And off they stomp. Hell clearly hath no fury like a poet in danger of being associated with a hedge fund. Now that the TS Eliot poetry prize has a new sponsor in the shape of hedge fund manager Aurum, two of the shortlisted poets, Alice Oswald and John Kinsella, have walked out in protest.
The poet laureate Carol Ann Duffy is also shortlisted for the prize, and has so far not found that a problem.
But Ms Oswald says that poetry should be questioning institutions like Aurum and not endorsing them, while Mr Kinsella says that "hedge funds are at the very pointy end of capitalism". I hope his verse has slightly more meaningful imagery. But he should have plenty of time to work on it, as I can tell both him and Ms Oswald that there are really very few places they can now go to enjoy culture.
Not even their living rooms. They certainly won't want to watch Sky Arts as that is a part of the Murdoch empire, and recent events have shown Rupert to be rather at the pointy end himself. The Donmar Warehouse in London may be the best small theatre in the world, but its principal sponsor is Barclays Bank, which on occasion has shown a tendency towards pointiness. As for looking at the beautiful paintings at Tate Britain, forget it. There are already 8,000 people petitioning against it being sponsored by BP in response to its alleged sin of anti-environmentalism. But this is small beer compared with the allegations of links to slavery made in relation to several UK companies. Pointy or not, Aurum certainly hasn't indulged in slavery.
What are Ms Oswald and Mr Kinsella to do? They can't watch the arts on TV; they can't visit many of our greatest arts institutions.
The arts are, and have to be, a mixed economy, more than ever in the current economic climate. They rely on sponsorship and have been encouraged to seek sponsorship for years. The excellent organisation Arts & Business has guided various businesses towards the arts, putting millions of pounds into culture. Provided those businesses are doing nothing illegal, not indulging in racism or child labour or exploitation, it seems churlish and self-indulgent to denounce their help for the arts. At the very least, the protesting poets should give a proper, reasoned explanation, in prose, of what it is about a hedge fund that upsets them.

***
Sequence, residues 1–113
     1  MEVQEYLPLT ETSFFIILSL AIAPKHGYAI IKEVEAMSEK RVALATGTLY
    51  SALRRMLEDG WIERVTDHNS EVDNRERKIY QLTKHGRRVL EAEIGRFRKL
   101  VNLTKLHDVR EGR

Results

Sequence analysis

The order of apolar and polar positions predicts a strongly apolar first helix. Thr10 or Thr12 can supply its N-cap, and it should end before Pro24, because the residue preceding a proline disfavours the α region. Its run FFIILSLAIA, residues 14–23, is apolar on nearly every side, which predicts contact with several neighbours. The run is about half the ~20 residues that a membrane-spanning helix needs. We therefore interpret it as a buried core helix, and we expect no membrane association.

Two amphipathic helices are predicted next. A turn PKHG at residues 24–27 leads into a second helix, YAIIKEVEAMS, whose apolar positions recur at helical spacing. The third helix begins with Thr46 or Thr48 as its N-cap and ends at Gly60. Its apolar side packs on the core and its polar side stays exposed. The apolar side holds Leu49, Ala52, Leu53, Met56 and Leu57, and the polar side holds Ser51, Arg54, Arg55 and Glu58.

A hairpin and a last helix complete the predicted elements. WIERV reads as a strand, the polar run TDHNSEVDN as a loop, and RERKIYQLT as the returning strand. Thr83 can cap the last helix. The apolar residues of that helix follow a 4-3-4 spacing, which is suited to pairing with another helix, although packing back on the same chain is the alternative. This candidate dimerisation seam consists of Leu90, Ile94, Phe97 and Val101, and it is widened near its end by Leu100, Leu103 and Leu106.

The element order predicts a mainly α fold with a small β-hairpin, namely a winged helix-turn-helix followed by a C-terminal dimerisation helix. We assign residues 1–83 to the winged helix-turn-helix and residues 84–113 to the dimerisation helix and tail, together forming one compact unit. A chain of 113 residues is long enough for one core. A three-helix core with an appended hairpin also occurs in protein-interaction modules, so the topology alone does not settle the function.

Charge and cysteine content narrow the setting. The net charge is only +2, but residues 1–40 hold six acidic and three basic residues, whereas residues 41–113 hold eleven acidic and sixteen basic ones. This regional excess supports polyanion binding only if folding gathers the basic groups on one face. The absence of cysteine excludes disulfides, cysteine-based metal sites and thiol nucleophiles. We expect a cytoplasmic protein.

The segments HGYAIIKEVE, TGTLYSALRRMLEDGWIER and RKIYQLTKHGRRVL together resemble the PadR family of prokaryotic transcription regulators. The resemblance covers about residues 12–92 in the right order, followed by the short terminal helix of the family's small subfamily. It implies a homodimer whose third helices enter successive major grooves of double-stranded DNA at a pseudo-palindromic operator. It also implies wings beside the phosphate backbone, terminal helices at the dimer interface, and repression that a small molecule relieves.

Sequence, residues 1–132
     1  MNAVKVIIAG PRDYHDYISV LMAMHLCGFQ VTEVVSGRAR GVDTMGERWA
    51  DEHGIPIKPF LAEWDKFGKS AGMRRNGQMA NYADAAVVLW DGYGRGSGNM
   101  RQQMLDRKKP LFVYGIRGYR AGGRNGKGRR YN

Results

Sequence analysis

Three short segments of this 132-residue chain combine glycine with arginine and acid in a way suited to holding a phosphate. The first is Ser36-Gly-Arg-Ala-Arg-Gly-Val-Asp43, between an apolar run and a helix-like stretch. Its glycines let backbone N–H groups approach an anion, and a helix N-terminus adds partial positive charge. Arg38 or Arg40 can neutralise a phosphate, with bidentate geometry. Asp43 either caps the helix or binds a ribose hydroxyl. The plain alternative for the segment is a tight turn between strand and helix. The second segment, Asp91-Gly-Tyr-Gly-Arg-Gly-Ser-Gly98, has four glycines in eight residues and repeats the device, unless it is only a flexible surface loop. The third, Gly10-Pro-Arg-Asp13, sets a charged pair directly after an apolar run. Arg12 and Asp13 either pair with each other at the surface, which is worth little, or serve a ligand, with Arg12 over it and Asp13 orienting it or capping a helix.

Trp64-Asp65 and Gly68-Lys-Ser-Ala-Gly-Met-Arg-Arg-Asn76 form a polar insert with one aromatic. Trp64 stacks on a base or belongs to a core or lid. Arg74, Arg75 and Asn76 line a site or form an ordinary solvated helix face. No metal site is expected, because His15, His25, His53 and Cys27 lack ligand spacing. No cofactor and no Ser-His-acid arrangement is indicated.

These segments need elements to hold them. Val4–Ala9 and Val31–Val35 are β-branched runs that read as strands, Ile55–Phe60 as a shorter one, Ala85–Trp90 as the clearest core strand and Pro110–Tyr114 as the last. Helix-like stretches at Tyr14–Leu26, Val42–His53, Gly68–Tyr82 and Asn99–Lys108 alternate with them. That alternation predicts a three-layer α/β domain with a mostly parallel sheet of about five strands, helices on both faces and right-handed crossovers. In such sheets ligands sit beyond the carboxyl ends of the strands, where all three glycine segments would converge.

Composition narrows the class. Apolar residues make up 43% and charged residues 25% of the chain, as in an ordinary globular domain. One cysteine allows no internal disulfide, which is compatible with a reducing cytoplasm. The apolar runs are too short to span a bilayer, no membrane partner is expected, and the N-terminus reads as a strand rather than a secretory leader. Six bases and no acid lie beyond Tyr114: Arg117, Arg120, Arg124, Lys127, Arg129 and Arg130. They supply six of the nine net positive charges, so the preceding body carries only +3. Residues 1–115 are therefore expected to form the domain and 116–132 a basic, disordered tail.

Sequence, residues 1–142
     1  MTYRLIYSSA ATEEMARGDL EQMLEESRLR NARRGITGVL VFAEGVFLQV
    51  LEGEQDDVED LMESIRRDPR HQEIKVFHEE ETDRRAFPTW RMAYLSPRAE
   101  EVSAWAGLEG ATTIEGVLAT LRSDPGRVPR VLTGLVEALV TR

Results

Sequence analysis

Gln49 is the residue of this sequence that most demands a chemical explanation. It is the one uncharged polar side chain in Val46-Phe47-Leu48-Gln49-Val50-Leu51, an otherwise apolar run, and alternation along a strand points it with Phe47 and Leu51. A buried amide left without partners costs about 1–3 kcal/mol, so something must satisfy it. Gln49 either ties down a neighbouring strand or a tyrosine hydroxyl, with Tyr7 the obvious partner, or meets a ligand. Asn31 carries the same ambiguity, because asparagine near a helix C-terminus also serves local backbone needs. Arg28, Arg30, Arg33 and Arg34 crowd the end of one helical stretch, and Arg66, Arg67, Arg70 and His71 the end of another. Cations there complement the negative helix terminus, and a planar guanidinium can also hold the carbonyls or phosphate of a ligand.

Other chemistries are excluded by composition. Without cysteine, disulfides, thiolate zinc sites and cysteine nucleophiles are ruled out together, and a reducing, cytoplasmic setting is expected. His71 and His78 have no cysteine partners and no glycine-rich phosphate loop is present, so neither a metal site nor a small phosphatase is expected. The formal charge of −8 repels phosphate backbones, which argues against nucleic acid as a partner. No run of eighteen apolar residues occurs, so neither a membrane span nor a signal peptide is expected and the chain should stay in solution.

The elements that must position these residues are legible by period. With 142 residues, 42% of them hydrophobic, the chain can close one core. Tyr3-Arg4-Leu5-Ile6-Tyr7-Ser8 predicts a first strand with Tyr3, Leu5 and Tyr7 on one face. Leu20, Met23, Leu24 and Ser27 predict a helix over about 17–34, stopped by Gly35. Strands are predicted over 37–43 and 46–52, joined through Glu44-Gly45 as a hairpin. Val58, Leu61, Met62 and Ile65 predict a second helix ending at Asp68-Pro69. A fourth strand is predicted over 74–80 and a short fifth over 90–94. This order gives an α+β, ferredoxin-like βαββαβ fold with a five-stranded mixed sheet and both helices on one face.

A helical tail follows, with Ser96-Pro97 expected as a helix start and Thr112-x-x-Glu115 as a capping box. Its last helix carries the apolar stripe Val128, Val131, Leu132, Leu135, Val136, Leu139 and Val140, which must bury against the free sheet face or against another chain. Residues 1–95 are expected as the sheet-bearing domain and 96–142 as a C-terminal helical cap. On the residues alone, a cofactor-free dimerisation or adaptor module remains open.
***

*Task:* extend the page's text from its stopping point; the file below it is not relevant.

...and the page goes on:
What counts is that these capitalist organisations, however pointy, are enabling the arts to thrive in Britain. Contemporary poetry needs the sponsorship more than any other art form, as it can often struggle for visibility. The TS Eliot prize helps by getting contemporary poetry and contemporary poets talked about. Oswald and Kinsella have just made that job more difficult. They are at the pointy end of protest, and have done poetry a disservice.
Have your passports at the ready
Last week, I wrote how I was changing my mind about free admission to national museums and galleries. With figures showing that a third of visitors are now from abroad, it seemed wrong that so many tourists were benefiting from free admission and depriving galleries of potential revenue. However, I didn't think it was feasible to have free admission for Brits and charges for those from abroad.
Readers who have emailed me over the week disagree. They don't disagree with charging (I was surprised at the near uniform reaction in favour of reintroducing charges); they disagree that it can't be done. I thought it a little unBritish to ask people to show their passports or some form of ID at museums, but readers thought otherwise. And one very senior figure in the arts told me that people should indeed be asked to show their passports and let in free if they are from the UK, and charged if they are from abroad. I'm still a bit doubtful about that method. Would there be two queues, one for Brits and one for foreigners? But I am convinced that the public mood about free admission is changing.
A case of being cast against type
Neil LaBute's play Reasons To Be Pretty at the Almeida theatre in London is a highly enjoyable examination of contemporary mores, as all his plays are. This one shows the breakdown of a relationship when a young American describes his girlfriend's face as "regular" rather than beautiful. This upsets her greatly. It would seem to be objectively true, though, as her boyfriend's best friend also, privately, agrees, though more robustly.
The only trouble is that Sian Brooke, the actress who plays the "regular" faced girl, is very attractive. This skews the play rather. Of course, it could be that Neil LaBute intended her to be an attractive woman to make the insult more outrageous and her anger more paranoid. But this can't be as at least one other person in the play refers disparagingly to her looks.
No, it seems that director Michael Attenborough and his casting team couldn't find anyone plain enough to play the part and didn't mind the audience being puzzled. Has London no plain actresses left? There's a gap in the market here.